Projet WAVE

ANR | ContInt 2013/2015

WAVE modules


There is an ongoing debate about client-side javascript modularisation and yet – until the harmony modules are here and probably not even then – there isn’t an agreement on what should be the best solution. We at WAVE have decided to go for the CommonJS format to package our libs – which is one of the projects that aims to standardise modules and packages in javascript, in their own words

“CommonJS is a project with the goal of specifying an ecosystem for JavaScript outside the browser”.

CommonJS is implemented in the popular server platform nodejs, and has been so successful that several adapter libraries have been created in order to use it in the browser as well. It will allows us to properly manage our inter-dependencies while opening the doors to the extensive module collection from the node community through npm.

Another requirement we had for our libs was the possibility to export modules separately as well as a compact lib, becoming an umbrella namespace for visual and audio libs altogether, something quite trivial to do once the CommonJS system is in place. The whole exported package will be then wako since wave.js already exsists elsewhere .

There are different ways CommonJS modules can be consumed client-side like browserify, requirejs or jspm among others. For a more detailed reflexion on the topic I find this post to be quite complete.

Once that out of the way, here is what our modules will typically look like:

  ├── Gruntfile.js
  ├── <module-name>.js
  ├── <module-name>.min.js
  ├── index.js
  ├── package.json
  └── tests
      ├── runner.html
      └── tests.js

The aim of our setup is to make sure the library contains the essential parts to be included right away in your project.

The proposed structure probably looks familiar to you if you know node modules, as it’s the de-facto structure of an npm module. The strictly necessary files for a module here are index.js – the module file – and package.json which contains relevant information about our module, such as name, the current version, dependencies, authors etc. There are plenty of documentation on this, so I won’t go into details in this post, you can find a list of resources at the bottom.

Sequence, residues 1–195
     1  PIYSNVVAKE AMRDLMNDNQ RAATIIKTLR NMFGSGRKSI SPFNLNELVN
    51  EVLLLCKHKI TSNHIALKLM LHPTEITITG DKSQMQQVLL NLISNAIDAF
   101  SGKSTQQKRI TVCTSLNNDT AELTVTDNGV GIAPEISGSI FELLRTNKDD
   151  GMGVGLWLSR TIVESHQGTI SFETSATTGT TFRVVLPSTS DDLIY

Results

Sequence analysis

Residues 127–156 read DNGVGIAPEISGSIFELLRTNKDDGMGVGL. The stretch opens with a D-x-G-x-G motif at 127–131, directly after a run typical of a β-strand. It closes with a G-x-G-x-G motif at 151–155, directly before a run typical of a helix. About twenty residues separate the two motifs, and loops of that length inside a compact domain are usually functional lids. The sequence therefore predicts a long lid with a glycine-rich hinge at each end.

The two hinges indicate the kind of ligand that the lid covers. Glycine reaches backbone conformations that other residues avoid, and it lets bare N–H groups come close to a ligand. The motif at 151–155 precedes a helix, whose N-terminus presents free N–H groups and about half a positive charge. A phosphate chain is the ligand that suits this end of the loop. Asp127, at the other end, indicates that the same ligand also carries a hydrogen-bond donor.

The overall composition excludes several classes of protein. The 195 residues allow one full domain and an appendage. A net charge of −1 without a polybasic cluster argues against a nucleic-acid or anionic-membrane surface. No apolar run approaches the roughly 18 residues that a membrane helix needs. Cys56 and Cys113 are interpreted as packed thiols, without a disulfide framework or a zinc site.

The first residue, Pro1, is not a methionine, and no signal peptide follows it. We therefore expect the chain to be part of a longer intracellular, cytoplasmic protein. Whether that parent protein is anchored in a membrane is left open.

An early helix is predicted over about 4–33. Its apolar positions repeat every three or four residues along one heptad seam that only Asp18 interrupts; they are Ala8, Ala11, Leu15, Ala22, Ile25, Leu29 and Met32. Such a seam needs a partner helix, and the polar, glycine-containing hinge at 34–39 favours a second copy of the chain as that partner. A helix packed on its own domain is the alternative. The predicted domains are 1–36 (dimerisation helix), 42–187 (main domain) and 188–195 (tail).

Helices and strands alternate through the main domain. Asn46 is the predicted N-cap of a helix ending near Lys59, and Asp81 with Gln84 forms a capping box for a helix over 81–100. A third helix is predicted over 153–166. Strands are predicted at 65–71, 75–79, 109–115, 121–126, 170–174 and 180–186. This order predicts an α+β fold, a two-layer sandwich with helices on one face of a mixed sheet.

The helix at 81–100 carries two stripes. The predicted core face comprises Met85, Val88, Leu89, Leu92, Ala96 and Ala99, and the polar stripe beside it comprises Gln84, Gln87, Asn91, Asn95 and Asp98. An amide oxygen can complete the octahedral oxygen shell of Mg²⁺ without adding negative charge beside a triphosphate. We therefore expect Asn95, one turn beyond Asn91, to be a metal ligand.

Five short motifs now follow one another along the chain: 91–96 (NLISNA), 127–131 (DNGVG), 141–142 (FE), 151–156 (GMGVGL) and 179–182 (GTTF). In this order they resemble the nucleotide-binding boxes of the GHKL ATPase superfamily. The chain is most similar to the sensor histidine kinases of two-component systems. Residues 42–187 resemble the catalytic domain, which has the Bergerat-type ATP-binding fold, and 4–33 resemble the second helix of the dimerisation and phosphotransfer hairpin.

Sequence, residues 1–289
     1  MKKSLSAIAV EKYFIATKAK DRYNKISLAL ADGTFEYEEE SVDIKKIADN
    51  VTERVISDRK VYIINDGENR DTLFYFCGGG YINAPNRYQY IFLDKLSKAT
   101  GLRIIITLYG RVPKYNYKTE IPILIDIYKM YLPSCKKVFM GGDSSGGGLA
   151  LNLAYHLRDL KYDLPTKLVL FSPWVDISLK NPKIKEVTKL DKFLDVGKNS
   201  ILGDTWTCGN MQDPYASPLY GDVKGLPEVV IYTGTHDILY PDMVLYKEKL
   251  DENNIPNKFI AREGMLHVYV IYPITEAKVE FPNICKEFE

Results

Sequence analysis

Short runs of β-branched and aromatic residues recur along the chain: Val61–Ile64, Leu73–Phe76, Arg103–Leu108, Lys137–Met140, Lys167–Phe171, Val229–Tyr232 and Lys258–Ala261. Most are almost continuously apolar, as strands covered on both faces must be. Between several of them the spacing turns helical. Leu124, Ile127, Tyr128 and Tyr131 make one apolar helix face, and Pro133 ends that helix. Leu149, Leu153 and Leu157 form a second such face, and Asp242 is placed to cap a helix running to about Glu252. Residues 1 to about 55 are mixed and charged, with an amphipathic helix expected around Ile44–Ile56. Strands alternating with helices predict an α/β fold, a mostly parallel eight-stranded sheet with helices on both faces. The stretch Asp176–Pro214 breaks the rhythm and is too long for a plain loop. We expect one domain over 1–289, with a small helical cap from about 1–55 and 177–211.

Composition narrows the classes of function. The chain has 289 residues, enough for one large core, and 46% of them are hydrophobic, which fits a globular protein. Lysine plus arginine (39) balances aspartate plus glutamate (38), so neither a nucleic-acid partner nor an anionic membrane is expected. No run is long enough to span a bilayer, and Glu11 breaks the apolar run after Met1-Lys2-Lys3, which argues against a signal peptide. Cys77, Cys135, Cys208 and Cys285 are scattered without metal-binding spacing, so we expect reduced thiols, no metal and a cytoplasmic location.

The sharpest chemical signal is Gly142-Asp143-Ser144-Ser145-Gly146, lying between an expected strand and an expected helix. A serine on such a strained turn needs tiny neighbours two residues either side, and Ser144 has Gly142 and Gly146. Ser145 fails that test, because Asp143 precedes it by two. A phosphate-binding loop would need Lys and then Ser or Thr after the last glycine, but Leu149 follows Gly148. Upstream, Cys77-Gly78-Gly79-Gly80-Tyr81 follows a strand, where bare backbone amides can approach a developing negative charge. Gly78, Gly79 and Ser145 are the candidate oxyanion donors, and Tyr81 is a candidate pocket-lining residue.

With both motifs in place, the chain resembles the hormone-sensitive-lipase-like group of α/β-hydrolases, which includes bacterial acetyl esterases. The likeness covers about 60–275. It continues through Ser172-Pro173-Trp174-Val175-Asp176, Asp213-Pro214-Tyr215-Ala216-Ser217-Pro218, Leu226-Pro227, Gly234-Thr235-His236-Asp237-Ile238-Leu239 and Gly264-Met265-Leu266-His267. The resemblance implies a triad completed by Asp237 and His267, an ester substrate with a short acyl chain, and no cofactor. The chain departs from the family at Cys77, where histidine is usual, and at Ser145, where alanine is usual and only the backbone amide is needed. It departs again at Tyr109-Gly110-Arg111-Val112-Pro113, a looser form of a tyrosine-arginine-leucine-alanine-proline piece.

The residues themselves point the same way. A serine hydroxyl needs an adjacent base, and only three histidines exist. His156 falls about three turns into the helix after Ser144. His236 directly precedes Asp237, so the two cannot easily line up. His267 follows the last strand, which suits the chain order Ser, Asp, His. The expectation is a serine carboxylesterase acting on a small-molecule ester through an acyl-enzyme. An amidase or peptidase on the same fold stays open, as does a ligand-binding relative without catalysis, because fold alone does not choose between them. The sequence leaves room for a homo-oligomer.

Next to index.js and package.json, we want to make sure the user will have ready-to-use browser compatible versions of our lib <module-name>.js, and it’s loyal minified companion <module-name>.min.js.

Then follows the README file with the relevant instructions and a LICENCE file (in our case of type BSD-3 for most of the packages).

We also ship a Gruntfile with the whole lib that contains means to compile your own version of the lib, and launch the test suite. Why grunt? it seems to be nowadays the most widespread task runner in the javascript community, although there are some new kids on the block.

Documentation can be generated via grunt jsdoc, this will generate a doc directory in the root of your module containing the docs in html format.

As for the tests, there is a testrunner.html in the tests directory that will run all the specs for you. When there is no browser code involved you can also run the tests via grunt test.

CommonJS / npm resources

  • Npm package specification doc link
  • Really useful node-jitsu interactive guide to a package.json file link
  • Common patterns to exporting your modules link